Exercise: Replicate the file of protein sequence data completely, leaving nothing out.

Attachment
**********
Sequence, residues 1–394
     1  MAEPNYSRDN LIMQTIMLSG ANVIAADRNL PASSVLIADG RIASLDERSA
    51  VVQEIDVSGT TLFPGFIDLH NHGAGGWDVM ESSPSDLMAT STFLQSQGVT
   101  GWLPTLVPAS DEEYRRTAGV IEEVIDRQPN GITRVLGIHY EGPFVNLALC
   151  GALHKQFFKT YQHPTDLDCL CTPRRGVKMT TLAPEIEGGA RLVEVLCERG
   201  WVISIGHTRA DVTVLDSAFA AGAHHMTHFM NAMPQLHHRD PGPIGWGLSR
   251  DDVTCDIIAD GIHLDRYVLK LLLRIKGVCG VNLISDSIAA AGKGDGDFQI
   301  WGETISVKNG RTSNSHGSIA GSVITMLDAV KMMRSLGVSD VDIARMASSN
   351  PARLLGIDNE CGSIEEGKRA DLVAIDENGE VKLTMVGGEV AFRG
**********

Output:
Sequence, residues 1–394
     1  MAEPNYSRDN LIMQTIMLSG ANVIAADRNL PASSVLIADG RIASLDERSA
    51  VVQEIDVSGT TLFPGFIDLH NHGAGGWDVM ESSPSDLMAT STFLQSQGVT
   101  GWLPTLVPAS DEEYRRTAGV IEEVIDRQPN GITRVLGIHY EGPFVNLALC
   151  GALHKQFFKT YQHPTDLDCL CTPRRGVKMT TLAPEIEGGA RLVEVLCERG
   201  WVISIGHTRA DVTVLDSAFA AGAHHMTHFM NAMPQLHHRD PGPIGWGLSR
   251  DDVTCDIIAD GIHLDRYVLK LLLRIKGVCG VNLISDSIAA AGKGDGDFQI
   301  WGETISVKNG RTSNSHGSIA GSVITMLDAV KMMRSLGVSD VDIARMASSN
   351  PARLLGIDNE CGSIEEGKRA DLVAIDENGE VKLTMVGGEV AFRG